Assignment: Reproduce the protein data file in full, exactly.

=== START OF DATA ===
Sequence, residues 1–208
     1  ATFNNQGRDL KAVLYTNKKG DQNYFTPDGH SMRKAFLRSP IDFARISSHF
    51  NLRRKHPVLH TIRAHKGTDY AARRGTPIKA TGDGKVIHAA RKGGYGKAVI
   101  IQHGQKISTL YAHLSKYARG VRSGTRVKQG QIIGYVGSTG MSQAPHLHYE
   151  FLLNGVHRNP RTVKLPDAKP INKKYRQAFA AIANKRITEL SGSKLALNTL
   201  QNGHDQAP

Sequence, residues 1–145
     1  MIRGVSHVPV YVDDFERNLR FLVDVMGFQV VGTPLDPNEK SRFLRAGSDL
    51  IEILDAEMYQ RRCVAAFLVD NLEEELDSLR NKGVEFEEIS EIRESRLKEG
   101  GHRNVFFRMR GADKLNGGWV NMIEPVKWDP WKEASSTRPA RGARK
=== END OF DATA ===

Sequence, residues 1–208
     1  ATFNNQGRDL KAVLYTNKKG DQNYFTPDGH SMRKAFLRSP IDFARISSHF
    51  NLRRKHPVLH TIRAHKGTDY AARRGTPIKA TGDGKVIHAA RKGGYGKAVI
   101  IQHGQKISTL YAHLSKYARG VRSGTRVKQG QIIGYVGSTG MSQAPHLHYE
   151  FLLNGVHRNP RTVKLPDAKP INKKYRQAFA AIANKRITEL SGSKLALNTL
   201  QNGHDQAP

Sequence, residues 1–145
     1  MIRGVSHVPV YVDDFERNLR FLVDVMGFQV VGTPLDPNEK SRFLRAGSDL
    51  IEILDAEMYQ RRCVAAFLVD NLEEELDSLR NKGVEFEEIS EIRESRLKEG
   101  GHRNVFFRMR GADKLNGGWV NMIEPVKWDP WKEASSTRPA RGARK